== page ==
Think Fast: I frequently say to my audiences and clients, “Today is the slowest rate of change you’ll ever see again.” To this end, China is now using artificial intelligence and 3D printing to build a 590-foot-tall dam. (For some perspective, Hoover Dam is 729 feet tall). In the near future, AI, 3D printers, and robots could be doing road construction. These technologies can work around the clock, making summer road congestion a thing of the past!
Think Faster: Earlier this week, I spoke to a group of financial professionals in St. Paul, Minnesota. One of the technologies I discussed was quantum computing. On the same day of the presentation, IBM announced it will be running quantum computers at 4,000-plus qubits by 2025–which will be roughly 40X more powerful than today’s most powerful quantum computers. Another way to think of this development: Problems which today require a month to solve will potentially be solved in a single day. Look for quantum computing to transform banking and finance, drug development, and the supply chain.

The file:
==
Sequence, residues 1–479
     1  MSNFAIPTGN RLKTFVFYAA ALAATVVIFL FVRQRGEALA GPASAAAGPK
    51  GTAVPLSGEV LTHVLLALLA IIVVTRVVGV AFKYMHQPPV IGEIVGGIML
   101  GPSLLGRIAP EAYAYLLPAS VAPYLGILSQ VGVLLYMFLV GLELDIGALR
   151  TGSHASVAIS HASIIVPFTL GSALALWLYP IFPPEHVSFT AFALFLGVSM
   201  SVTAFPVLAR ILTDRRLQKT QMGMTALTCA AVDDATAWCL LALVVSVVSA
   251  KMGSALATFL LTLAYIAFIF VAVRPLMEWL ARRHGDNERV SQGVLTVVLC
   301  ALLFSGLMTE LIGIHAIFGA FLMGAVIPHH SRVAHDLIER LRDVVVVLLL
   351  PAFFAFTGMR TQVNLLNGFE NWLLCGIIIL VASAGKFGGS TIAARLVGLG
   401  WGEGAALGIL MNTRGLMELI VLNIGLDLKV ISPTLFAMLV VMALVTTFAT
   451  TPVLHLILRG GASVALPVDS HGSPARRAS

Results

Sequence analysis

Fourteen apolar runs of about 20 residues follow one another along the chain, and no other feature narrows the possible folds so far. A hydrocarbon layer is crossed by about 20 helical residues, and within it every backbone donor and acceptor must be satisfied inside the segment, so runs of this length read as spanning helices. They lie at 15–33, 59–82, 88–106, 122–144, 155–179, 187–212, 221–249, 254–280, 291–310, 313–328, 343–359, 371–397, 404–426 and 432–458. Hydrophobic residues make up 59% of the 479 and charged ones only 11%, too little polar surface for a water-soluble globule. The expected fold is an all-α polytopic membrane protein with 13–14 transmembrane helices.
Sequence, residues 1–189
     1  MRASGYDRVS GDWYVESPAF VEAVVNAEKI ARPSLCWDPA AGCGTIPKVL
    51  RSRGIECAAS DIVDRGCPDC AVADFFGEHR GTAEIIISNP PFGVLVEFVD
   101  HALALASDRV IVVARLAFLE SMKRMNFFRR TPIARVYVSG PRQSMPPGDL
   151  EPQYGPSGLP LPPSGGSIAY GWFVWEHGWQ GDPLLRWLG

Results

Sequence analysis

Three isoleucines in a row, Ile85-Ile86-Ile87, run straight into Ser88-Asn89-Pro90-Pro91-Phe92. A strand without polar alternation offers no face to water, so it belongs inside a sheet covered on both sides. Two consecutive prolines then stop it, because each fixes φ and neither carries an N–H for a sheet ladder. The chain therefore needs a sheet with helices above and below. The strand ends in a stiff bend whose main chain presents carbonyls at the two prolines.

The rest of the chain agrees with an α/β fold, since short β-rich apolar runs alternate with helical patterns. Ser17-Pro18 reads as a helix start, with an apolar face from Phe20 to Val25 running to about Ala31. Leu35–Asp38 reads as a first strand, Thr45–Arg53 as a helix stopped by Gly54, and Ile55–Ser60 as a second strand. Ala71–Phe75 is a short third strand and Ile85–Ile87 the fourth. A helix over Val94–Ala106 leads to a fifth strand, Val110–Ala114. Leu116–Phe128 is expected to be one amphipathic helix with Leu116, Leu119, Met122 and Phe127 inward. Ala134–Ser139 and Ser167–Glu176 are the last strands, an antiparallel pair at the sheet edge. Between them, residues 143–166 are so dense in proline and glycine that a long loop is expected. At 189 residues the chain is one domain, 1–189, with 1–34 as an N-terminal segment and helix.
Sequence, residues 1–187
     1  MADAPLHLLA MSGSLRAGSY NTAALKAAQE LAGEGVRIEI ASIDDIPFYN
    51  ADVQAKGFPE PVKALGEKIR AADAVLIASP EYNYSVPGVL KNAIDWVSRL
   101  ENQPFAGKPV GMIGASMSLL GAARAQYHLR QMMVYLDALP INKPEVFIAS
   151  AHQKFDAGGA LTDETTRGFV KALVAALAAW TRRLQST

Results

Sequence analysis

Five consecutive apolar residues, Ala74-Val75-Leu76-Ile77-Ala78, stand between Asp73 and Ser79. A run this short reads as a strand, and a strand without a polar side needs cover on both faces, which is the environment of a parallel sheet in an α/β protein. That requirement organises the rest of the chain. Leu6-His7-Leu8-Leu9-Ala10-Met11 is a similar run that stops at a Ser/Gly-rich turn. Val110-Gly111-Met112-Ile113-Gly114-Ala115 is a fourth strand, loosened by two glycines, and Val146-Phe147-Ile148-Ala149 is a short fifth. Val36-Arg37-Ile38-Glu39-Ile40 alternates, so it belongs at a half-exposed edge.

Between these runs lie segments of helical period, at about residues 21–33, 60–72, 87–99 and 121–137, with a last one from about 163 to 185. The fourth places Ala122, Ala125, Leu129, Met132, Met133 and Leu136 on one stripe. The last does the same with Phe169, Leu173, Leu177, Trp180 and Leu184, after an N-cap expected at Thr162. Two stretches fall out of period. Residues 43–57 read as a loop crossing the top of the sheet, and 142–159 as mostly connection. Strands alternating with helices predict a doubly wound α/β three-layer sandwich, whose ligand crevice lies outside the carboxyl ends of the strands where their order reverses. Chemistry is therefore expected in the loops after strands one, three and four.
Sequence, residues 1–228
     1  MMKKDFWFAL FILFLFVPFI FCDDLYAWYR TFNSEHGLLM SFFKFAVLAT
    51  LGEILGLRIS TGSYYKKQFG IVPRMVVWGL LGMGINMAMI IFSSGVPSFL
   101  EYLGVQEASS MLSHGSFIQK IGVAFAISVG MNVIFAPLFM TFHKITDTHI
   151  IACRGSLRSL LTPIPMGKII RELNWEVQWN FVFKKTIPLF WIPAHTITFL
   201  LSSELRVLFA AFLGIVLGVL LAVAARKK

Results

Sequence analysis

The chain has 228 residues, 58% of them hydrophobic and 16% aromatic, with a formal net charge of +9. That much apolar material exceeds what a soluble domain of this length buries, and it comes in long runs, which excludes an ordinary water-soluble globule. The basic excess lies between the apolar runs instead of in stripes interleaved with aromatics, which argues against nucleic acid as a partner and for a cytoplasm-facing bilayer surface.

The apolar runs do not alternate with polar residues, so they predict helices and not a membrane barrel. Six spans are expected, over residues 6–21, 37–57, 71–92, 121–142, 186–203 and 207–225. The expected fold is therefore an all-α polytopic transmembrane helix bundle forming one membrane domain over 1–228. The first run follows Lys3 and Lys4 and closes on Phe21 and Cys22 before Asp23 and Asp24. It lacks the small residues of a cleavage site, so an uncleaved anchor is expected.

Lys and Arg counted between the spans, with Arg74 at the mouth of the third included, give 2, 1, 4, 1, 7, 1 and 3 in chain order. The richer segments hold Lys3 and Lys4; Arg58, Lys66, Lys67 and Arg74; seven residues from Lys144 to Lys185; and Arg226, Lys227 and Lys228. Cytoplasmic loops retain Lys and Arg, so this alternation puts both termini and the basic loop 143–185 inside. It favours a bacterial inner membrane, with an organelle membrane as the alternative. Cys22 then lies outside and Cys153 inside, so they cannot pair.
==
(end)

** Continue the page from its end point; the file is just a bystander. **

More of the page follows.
Think Harder: In Great Britain, insect numbers have plunged by almost 60 percent. Due to the vital roll insects play in pollinating various crops, this is not a positive development. In the near future, the pesticide industry may face stricter regulations on the use of their products. On the optimistic side, “green roofs“–which are becoming increasingly popular in places such as Portland, Oregon–will become a more common site in other cities around the U.S. and the world.
Think Incrementally: The future often arrives in incremental steps. At the time the small development occurs, it may seem almost insignificant. Yet, when combined with a series of other incremental developments, the big change arrives faster than expected. The news that Norway has installed the world’s fastest electric car charger falls into this category. It is a sign that EV’s may move into the mainstream even faster than many people expect.
Think Again: Due to a computer server issue, last week’s “Friday Future 5 was not delivered to your inbox. If you wish to review the May 6th edition, you can view it here.
Afterthought: “The most beautiful thing we can experience is the mysterious. It is the source of all true art and science. He to whom the emotion is a stranger, who can no longer pause to wonder and stand wrapped in awe, is as good as dead —his eyes are closed.”–Albert Einstein